Know when your child's ready -- and reduce the chance of a plea for a pickup.
After two failed attempts at sleeping over at a friend's house -- including being driven home at 1 a.m. -- Ava Kramer, 9, happily made it through the night a couple of months ago. "My husband and I did FaceTime with Ava just before she got ready for bed, and it reduced her anxiety about being away from us," says her mom, Alicia, of Atlanta. "She ended up having a blast."
Sleepovers are a big step for 7- to 9-year-olds, says Fran Walfish, Psy.D., author of The Self-Aware Parent. "If your child likes them, chances are she is growing more comfortable with separation from you," she notes. With these tips, you can increase the odds that she won't want to bail around bedtime.
Offer to host
Before you okay a sleepover at a friend's house, let your child test the waters by inviting her pal to yours. "That way, you'll see if your child grows tired of being with her friend or starts to squabble with her after a couple of hours -- a sign that she may need more social-skills practice before staying over at another family's home," says Dr. Walfish. Or if both kids are sleepover first-timers, try a "sleep-under" -- you plan dinner and common sleepover activities (like crafts or watching a movie), but the other child goes home in pj's before bedtime. "Your child may ask to invite two or three friends, but it's better to start with just one other child to minimize conflict," points out Dr. Walfish. If possible, let your child have one-on-one time with her friend, and occupy siblings with other activities.
Talk about what to expect
Getting cold feet before or even during a sleepover often stems from the unknown. Your kid may wonder where he'll sleep, whether it's okay to call you before bed, or if bringing along his favorite stuffed animal will make him look babyish -- and you may have some of the same anxieties too. So before you accept an invitation, find out how the sleepover will unfold and bring up any concerns you have.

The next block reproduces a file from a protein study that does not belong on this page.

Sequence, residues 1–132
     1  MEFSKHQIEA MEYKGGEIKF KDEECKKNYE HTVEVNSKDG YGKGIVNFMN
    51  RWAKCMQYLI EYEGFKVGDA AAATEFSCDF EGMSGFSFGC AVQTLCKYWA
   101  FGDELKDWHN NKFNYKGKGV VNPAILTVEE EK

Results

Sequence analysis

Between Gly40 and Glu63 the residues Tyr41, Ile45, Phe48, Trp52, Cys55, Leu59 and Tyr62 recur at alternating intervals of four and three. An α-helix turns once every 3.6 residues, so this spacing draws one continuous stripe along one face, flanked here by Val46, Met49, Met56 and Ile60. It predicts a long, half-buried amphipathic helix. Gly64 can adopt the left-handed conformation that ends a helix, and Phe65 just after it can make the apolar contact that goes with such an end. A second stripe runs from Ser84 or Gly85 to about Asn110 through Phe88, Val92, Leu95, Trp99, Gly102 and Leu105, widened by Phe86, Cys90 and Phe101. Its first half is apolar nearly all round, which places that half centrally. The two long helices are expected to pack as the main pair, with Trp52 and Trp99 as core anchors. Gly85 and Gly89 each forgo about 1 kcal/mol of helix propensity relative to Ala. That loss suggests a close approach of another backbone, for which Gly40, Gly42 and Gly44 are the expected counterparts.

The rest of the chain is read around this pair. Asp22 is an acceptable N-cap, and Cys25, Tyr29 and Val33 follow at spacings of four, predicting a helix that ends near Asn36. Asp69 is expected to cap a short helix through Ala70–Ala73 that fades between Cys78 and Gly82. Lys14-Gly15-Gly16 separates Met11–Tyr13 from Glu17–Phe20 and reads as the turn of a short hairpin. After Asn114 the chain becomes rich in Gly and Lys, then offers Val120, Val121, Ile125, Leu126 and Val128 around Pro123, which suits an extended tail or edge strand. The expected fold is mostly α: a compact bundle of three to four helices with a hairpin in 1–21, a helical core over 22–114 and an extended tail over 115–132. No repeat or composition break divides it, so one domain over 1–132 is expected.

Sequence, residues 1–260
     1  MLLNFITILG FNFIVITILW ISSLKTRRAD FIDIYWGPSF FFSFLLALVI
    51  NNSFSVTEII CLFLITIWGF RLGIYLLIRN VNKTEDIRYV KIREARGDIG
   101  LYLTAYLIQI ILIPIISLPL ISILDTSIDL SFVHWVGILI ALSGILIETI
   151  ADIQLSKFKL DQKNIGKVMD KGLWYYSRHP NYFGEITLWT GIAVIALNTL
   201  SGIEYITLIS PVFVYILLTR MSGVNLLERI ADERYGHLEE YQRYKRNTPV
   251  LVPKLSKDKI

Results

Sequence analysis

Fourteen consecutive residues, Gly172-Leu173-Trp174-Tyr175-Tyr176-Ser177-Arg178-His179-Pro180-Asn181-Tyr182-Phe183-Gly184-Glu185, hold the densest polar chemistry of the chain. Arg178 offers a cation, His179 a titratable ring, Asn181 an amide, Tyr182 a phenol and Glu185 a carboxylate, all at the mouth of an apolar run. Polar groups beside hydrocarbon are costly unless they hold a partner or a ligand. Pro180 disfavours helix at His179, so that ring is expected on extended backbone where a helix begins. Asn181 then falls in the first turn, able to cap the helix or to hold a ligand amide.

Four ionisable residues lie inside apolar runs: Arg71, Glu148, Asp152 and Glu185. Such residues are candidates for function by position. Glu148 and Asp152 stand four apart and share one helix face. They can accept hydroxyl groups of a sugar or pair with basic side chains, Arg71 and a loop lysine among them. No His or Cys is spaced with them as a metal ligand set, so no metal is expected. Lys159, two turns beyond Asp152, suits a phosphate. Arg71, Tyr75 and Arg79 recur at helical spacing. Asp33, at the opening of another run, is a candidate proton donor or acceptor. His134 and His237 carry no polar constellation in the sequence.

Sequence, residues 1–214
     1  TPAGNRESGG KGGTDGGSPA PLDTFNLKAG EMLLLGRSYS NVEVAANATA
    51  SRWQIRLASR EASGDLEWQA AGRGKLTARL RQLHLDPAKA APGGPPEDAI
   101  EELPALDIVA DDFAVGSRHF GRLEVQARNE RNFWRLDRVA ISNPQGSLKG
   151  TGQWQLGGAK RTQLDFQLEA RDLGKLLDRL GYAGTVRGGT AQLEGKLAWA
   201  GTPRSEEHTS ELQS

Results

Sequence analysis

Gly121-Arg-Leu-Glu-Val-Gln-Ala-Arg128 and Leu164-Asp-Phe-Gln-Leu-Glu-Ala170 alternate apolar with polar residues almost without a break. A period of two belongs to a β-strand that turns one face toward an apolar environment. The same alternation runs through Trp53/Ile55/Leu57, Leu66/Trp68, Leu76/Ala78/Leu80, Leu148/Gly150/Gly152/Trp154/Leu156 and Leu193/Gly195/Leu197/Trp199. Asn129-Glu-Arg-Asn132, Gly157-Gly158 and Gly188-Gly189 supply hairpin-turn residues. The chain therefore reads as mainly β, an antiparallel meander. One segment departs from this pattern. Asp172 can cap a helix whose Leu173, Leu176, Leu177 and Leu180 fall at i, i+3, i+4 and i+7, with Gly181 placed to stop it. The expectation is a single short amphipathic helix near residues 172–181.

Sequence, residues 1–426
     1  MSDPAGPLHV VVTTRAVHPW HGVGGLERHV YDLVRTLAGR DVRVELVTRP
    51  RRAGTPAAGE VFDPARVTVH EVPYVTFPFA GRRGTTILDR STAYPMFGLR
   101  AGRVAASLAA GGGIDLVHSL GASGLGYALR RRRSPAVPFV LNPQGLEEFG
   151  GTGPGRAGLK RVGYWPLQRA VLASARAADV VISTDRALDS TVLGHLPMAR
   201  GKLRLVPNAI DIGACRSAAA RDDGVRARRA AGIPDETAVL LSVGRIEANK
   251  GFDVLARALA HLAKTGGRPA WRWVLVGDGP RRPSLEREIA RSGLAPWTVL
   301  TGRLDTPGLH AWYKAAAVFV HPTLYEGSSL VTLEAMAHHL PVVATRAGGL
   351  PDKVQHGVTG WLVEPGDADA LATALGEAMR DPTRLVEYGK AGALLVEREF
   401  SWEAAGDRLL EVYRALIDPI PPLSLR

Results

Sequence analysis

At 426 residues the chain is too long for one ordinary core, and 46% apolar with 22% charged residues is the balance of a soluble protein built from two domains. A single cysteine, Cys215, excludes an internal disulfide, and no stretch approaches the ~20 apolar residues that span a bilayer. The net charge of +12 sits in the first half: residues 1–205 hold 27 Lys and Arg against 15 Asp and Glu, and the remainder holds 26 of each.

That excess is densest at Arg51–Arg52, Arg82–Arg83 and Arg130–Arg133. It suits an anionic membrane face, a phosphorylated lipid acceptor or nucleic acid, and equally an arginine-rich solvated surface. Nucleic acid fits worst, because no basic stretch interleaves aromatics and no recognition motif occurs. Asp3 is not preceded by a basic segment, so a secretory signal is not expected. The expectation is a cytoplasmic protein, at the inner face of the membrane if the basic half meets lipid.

However, try to limit requests. For instance, it's not necessary that the hosts make sure your son takes a vitamin in the morning if you're picking him up after breakfast. But it is crucial to let them know about fears (he's bringing a flashlight because he's afraid of the dark), allergies, and any reminders that he needs (like using the bathroom before bed). If there's a routine at home that helps him doze off, like reading a story or playing a game, it may be worth mentioning.
Get your kid on board
Once you are comfortable with the arrangement, fill your child in on the details. Sharing intel is also a good practice if you're hosting. "I've learned from experience that the night goes more smoothly when I loop in parents in advance, and I always fill in the kids themselves when they arrive," says Chrissy Jones, of Chicago, who hosts sleepovers a couple of times a month for her 8-year-old son, Trent. Also, make a plan about how to say good night. "Some kids might do better with a short text, whether from their device or the host parent's, but ones who tend to be more sensitive or clingy may prefer a phone call or even a video chat," says Dr. Walfish.
Help everyone get along
If you're hosting a sleepover with more than one other kid, decide how you're going to handle who gets to sleep next to the birthday child or play the first round of Just Dance. "After I foolishly let a bunch of girls choose where to sleep at my 7-year-old daughter's party -- and it got dramatic fast -- I came up with the 'Cup of Destiny' for future sleepovers," says Alison Risso, of Silver Spring, Maryland. "Kids write their name on a slip of paper, I put them in a gold plastic cup, and I pick names to determine the order of games and where they sit at the table or sleep. When the assignments were random, there wasn't any bickering."
Know when to fold
If your child's at his first sleepover and wants to come home for a reason that can't be fixed ("I miss you and I can't fall asleep" or "Their dog is barking and scaring me!"), it's best just to pick him up rather than try to persuade him to stay. "Doing so establishes the trust that you will come get him if he needs it," says Dr. Walfish. "The next day, you can talk about how he felt, and what might make it better in the future. But dwelling or overanalyzing will only make him feel like he failed."
Trust your gut
Don't feel like a lame parent for declining a sleepover request. "We're just not comfortable with having our kids -- ages 9, 12, and 14 -- stay over at their friends' houses," says Catia Dias, of Ontario, Canada. "I always make it clear that it's just our family policy rather than singling out a friend. "Even if you're open to sleepovers in the future, it's smart to skip one if you think your kid isn't quite ready. Says Dr. Walfish: "It's better for kids to have a positive first experience than to risk an embarrassing or upsetting incident that might turn them off altogether."